Feature

Halloween: Most haunted, the UK's scariest roads

We pick six of the most notorious roads in the UK, running from north to south, in case you feel like taking on your own phantom-filled road trip this Halloween.

Words by: First published: 25th October 2017
We all know of roads that make us feel a bit uneasy, but that’s usually down to a poorly thought-out junction, limited visibility or slightly menacing surroundings. However, sometimes your unease may be because you’re being accompanied on your journey by a ghostly presence…

It’s not as uncommon as you might think. There are several roads in the UK that have a reputation for being haunted by ghosts and ghouls of all shapes and sizes. Here, we pick out six of the most notorious, running from north to south, in case you feel like taking on your own phantom-filled road trip this Halloween.
The A75, Scotland
Often dubbed the most haunted road in Scotland, ghostly sightings have been pouring in from motorists on the A75 in Dumfriesshire for the last 50 years. And the reports have covered all sorts. Groups of scruffy-looking peasants carrying bundles and pulling carts, ghostly horse-drawn carriages, eyeless ghouls, screaming hags, and groups of assorted animals hurling themselves at cars... Many have also reported running down walkers by mistake, only for there to be no sign of them afterwards.
Platt Lane, Lancashire
Close by Platt Lane lies the site of the Pretoria pit disaster, in which an explosion claimed the lives of almost 350 miners in 1910. Numerous drivers have reported many pairs of ghoulish eyes peering at them from hedges at the side of the road, along with packs of ghostly miners shuffling along the road pulling mining carts.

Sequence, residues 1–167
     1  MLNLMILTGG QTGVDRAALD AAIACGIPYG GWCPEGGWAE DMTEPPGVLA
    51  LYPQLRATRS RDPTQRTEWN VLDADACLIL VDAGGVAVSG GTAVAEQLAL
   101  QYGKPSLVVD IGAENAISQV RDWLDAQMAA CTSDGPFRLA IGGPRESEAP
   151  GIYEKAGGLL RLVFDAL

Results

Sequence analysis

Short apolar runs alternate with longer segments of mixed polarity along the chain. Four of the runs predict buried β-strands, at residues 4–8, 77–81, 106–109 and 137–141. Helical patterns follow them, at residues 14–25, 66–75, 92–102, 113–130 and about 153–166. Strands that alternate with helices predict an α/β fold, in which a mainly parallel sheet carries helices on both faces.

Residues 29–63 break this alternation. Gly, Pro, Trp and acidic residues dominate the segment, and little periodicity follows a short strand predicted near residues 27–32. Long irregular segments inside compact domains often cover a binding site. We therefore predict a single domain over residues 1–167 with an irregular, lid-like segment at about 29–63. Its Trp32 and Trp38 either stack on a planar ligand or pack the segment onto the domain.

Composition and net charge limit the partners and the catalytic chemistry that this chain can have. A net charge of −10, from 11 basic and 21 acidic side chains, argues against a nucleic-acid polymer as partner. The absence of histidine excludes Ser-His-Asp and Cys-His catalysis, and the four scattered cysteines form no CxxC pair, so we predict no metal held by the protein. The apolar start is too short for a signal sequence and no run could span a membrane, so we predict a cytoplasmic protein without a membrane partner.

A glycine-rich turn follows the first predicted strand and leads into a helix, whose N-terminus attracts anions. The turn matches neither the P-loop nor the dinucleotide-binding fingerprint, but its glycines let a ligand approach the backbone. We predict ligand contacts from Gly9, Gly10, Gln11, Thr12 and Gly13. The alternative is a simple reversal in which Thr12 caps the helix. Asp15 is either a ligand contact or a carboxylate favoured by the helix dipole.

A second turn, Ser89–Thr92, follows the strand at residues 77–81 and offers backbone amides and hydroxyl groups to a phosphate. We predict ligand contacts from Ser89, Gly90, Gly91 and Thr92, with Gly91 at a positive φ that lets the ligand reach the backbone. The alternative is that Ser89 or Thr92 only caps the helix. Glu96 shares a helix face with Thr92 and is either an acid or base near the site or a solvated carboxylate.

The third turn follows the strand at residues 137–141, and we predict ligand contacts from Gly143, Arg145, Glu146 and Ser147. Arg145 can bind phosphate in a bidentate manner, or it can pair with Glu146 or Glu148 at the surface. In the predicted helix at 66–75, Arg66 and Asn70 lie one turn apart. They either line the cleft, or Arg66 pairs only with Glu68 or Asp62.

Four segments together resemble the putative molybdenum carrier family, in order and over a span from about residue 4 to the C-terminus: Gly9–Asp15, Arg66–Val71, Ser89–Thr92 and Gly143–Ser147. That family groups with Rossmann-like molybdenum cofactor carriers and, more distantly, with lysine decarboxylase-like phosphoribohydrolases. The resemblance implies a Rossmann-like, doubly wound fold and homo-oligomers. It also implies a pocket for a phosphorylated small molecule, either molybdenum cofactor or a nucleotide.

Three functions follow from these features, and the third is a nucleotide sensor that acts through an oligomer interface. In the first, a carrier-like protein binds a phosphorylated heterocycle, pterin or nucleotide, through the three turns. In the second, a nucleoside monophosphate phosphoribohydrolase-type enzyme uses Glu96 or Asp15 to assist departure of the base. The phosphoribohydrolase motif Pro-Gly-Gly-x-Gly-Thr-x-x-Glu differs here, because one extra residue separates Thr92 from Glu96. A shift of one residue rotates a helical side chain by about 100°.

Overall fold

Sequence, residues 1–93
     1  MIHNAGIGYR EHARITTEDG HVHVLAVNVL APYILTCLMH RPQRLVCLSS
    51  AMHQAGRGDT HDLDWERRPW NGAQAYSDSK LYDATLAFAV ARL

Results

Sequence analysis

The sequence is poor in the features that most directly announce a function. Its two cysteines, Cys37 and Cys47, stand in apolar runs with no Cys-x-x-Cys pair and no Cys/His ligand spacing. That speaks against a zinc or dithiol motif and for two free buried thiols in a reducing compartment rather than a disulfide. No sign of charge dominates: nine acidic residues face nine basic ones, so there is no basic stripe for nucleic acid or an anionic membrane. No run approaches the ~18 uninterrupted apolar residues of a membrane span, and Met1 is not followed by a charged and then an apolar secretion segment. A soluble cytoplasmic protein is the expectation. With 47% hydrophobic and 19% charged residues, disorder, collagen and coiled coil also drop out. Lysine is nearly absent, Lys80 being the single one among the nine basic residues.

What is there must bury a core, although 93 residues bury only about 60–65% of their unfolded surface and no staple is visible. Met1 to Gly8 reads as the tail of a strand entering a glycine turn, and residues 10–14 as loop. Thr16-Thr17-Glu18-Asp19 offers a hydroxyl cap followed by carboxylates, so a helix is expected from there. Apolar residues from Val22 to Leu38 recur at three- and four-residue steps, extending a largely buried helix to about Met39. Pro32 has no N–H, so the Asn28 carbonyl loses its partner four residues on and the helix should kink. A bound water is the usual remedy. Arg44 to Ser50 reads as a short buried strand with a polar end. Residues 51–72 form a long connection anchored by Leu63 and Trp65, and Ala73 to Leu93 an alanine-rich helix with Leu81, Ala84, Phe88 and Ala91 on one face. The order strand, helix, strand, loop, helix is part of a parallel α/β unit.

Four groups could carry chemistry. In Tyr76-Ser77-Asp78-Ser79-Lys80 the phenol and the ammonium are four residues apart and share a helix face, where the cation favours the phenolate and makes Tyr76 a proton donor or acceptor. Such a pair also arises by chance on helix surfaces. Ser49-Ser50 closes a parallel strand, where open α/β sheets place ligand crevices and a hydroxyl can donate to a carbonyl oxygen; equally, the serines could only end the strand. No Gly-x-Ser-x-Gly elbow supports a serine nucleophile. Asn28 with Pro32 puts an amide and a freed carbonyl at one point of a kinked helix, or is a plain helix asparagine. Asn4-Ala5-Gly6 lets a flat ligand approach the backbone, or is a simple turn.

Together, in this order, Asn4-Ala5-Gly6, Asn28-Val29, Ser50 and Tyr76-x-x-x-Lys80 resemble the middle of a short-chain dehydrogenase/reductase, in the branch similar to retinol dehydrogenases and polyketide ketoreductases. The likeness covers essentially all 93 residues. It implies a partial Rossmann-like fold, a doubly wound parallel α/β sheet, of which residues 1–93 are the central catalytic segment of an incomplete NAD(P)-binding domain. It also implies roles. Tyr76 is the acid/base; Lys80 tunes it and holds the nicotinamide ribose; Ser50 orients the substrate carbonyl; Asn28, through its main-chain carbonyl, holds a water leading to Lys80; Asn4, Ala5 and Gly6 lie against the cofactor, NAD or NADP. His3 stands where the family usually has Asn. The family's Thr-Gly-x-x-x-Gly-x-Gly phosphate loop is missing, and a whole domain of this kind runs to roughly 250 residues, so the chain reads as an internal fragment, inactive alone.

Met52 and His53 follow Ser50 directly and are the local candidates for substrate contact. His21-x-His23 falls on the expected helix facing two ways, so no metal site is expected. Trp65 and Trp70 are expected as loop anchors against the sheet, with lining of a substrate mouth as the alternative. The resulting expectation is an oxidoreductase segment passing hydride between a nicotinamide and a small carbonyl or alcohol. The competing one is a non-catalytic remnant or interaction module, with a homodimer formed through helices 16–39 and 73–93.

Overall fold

Oldnall Road, West Midlands
This section of B-road runs between Halesowen and Stourbridge, and is considered an accident blackspot, despite the fact it’s nigh-on straight and has no strange cambers to speak of. The other big difference between this and other blackspots, though, is that many drivers report their accidents came about as a result of swerving to avoid ghostly apparitions, most commonly small children in Victorian dress.
A456, West Midlands
This road lies just two miles from the previously mentioned Oldnall Road, and has been the subject of numerous ghostly sightings. The most common figure reported is that of a cavalier. A tin-hatted fellow on horseback, that is, not a mediocre Vauxhall saloon car... Indeed, one such sighting of the cavalier was reported by none other than the area’s very own Detective Constable. If you can’t trust him, who can you trust?
The M6
The M6 is the longest road in Britain, but what you may not know is that it’s also reported to be one of the most haunted. Most sightings along its 230-mile length centre around three themes. Some tell of a deranged female hitch hiker, others of packs of Roman soldiers marching up the hard shoulder (might they have run out of petrol?), but perhaps the most disturbing is of an old-style lorry steaming the wrong way down the carriageway at high speed. That’s certainly going to make you wish you paid extra to go down the Toll Road...
The A229, Sussex
Several drivers have told of the same harrowing experience on the A229, in which a girl dressed all in white steps out in front of their car, giving the driver the impression they’ve run her over. In most cases, the girl has disappeared into thin air as soon as the driver stops to look, but one man reports that he covered her body with a blanket before she vanished, leaving the blanket behind. The girl is thought to be the ghost of Judith Langham, who was killed in an accident on the road on her wedding day in 1965, while wearing her wedding dress.